Released: September 05, 2007
Freezing and Canning Tips Can Reduce Risks from Homemade Salsa
MANHATTAN, Kan. – Wet weather early in Kansas growing season helped to produce a bumper crop of garden vegetables that is stimulating interest in home food preservation, said Karen Blakeslee, Kansas State University Research and Extension food scientist.
Increasing interest in farmers markets, where food comes from and how it is handled also is driving interest in home food preservation, Blakeslee said.
One need not be a veteran in the kitchen to succeed, but the food scientist urged caution, using homemade salsa as an example.
Salsa typically includes tomatoes, a highly acidic ingredient, and onions and peppers that are low-acid foods. Recipes may call for adding vinegar, lemon or lime juices or other ingredients that also will impact the acidity of the overall recipe.
Failing to balance the acid level when mixing ingredients in the salsa can create an environment in which foodborne bacteria – including Clostridium botulinum (Botulism), which can cause double vision, paralysis, vomiting and death – can grow, Blakeslee said.
So, is there a way to enjoy fresh garden vegetables in homemade salsa safely?
Yes, said Blakeslee, who offered these tips:
* Choose fresh, top-quality ingredients that are free of cracks, bruises, mold or insect damage.
* Wash vegetables thoroughly to remove debris.
* Choose a tested recipe that is known to yield satisfactory results when directions are followed. Recipe sources include the county or district K-State Research and Extension office; the United States Department of Agriculture (Web site: www.usda.gov and search for canning recipes); the National Center for Home Food Preservation (www.uga.edu/nchfp/); the Ball Complete Book of Home Preserving, and the Ball Blue Book, which may be available at libraries, and for purchase at book, hardware and kitchen supply stores and some supermarkets.
* Read the recipe to make sure that you have all ingredients and equipment on hand before beginning to prepare the recipe.
* Do not alter the amounts of ingredients in recipes. This will affect the safety of the final product. If you want to alter a tested recipe, wait to add extra ingredients (additional peppers, seasonings, etc.) until right before serving. It is possible to substitute different types of peppers to increase – or decrease – the heat in the salsa, and also possible to use any variety of tomatoes or substitute tomatillos for some of the tomatoes.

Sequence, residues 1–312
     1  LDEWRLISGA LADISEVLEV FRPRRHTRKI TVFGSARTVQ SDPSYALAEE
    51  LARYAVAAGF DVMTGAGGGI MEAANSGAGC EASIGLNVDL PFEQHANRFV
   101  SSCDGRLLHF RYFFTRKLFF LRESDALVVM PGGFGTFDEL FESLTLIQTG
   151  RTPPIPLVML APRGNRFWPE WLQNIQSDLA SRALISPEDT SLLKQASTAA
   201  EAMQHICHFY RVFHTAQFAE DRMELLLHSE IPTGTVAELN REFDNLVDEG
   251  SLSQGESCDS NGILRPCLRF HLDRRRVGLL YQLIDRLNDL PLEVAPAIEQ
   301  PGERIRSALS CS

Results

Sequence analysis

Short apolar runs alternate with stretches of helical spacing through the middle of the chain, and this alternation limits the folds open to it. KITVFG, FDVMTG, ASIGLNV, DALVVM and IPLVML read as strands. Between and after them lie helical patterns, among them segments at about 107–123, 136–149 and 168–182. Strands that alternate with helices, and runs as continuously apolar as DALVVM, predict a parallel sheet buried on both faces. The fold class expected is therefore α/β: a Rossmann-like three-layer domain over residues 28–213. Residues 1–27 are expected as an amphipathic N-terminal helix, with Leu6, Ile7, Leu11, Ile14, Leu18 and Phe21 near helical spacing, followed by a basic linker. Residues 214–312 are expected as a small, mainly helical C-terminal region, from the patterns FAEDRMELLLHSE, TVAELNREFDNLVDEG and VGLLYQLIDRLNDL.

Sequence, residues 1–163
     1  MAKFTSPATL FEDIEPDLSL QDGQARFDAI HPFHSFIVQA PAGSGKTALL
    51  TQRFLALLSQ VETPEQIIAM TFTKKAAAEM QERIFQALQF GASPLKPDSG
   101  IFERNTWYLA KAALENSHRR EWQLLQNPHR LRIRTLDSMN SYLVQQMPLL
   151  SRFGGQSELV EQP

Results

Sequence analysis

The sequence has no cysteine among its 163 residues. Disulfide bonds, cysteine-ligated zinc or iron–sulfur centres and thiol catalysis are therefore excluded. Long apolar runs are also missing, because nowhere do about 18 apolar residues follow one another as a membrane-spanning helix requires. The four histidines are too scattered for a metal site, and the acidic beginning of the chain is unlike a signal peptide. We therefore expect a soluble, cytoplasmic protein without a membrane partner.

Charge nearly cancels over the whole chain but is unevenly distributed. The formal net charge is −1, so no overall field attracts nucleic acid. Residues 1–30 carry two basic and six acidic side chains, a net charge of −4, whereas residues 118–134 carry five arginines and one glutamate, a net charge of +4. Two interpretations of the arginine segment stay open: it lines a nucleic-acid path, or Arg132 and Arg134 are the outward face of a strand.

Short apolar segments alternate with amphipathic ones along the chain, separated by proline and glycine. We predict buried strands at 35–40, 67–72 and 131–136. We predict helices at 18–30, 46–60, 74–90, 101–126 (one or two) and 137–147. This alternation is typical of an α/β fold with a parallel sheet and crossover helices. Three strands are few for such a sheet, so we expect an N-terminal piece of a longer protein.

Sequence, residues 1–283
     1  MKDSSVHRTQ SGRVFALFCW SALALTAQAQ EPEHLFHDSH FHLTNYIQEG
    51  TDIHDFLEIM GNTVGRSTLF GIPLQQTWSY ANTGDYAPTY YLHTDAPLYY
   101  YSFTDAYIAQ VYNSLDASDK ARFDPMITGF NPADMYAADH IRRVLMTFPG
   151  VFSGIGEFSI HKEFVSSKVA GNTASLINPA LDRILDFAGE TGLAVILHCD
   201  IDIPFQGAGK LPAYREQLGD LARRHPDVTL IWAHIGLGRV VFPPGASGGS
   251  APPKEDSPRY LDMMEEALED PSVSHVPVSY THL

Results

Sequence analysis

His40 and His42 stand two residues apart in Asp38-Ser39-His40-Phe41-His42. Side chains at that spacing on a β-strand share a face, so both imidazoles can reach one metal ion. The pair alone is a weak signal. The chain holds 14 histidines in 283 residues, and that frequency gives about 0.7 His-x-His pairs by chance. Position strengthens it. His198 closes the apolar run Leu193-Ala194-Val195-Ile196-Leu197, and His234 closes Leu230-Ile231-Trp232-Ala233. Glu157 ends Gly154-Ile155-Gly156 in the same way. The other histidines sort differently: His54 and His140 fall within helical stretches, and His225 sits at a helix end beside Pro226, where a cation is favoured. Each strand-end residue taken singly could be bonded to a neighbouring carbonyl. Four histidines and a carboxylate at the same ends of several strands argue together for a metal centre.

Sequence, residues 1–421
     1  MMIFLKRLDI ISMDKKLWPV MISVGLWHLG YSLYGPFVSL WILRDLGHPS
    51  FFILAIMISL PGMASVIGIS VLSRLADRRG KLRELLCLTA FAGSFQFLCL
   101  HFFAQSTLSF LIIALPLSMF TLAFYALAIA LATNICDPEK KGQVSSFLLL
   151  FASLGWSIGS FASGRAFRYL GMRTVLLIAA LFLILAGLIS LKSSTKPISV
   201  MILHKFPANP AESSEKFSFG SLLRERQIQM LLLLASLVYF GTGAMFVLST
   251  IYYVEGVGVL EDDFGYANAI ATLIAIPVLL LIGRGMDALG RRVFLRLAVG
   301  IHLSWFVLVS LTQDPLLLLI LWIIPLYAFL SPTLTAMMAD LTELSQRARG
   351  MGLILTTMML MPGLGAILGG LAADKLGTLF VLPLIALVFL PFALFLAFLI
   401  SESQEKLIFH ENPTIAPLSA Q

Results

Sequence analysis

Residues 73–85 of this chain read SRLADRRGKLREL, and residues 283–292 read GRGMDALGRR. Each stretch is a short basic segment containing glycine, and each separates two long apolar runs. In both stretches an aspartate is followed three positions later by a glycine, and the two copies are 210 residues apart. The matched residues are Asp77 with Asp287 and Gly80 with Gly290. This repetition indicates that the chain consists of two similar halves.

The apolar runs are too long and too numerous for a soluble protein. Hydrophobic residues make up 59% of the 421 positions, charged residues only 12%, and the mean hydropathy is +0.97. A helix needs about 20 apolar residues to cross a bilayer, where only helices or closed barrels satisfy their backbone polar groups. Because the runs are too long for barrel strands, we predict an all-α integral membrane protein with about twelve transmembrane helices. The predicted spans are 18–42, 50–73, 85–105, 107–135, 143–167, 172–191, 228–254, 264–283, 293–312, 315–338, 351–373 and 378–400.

* To can a homemade recipe of salsa in a pressure canner, evaluate processing times for each ingredient and then use the longest processing time. For example, in a mixture of tomatoes, peppers and onions, the onions have the longest processing time.
* Consider freezing, rather than canning. Freezing will protect garden-fresh flavors and reduce the risks of foodborne illness. Freezing also allows flexibility – and creativity – in preparing your salsa recipe. If frozen salsa may become mushy, drain as needed before serving. Homemade salsa can typically be frozen for up to 12 months.
* If home canning is preferred, a hot water bath or pressure canner is recommended because the final heat treatment will kill bacteria that may be present. Todays salsa recipes will use a water bath processing method. If using a pressure canner, check the accuracy of the pressure gauge at the beginning of food preservation season and more often, if a malfunction is suspected. Many K-State Research and Extension offices offer this service.
* Do not use the open kettle method for any kind of canning. This process involves ladling food into hot sterilized jars and applying the lid without further heat processing. The open kettle canning method may cause foods stored at room temperature to spoil and can lead to foodborne illness.
* Canning jars, lids and screw-top rings, which are made to withstand heat, should be sterilized and ready to go. Canning jars and screw-top rings in good condition can be re-used; sealing lids should be not re-used. If a jar is not made for canning, heat involved in the process may cause it to explode.
* Store home-canned foods in a cool (60 to 70 degrees), dry (to prevent lids from rusting) and dark (sunlight may cause temperature fluctuations and a loss in food quality and color).
* If a food product looks or smells suspect – a damaged seal, swollen lid, off color or texture, for example – discard it without tasting it. Keep it out of the reach of children and pets.
Food preservation can save time and money – and be fun, said Blakeslee, who enjoys preserving summer fruits in homemade jellies and jams to give as holiday gifts.
K-State Research and Extension is a short name for the Kansas State University Agricultural Experiment Station and Cooperative Extension Service, a program designed to generate and distribute useful knowledge for the well-being of Kansans. Supported by county, state, federal and private funds, the program has county Extension offices, experiment fields, area Extension offices and regional research centers statewide. Its headquarters is on the K-State campus, Manhattan.
Karen Blakeslee is at 785-532-1673 or email@example.com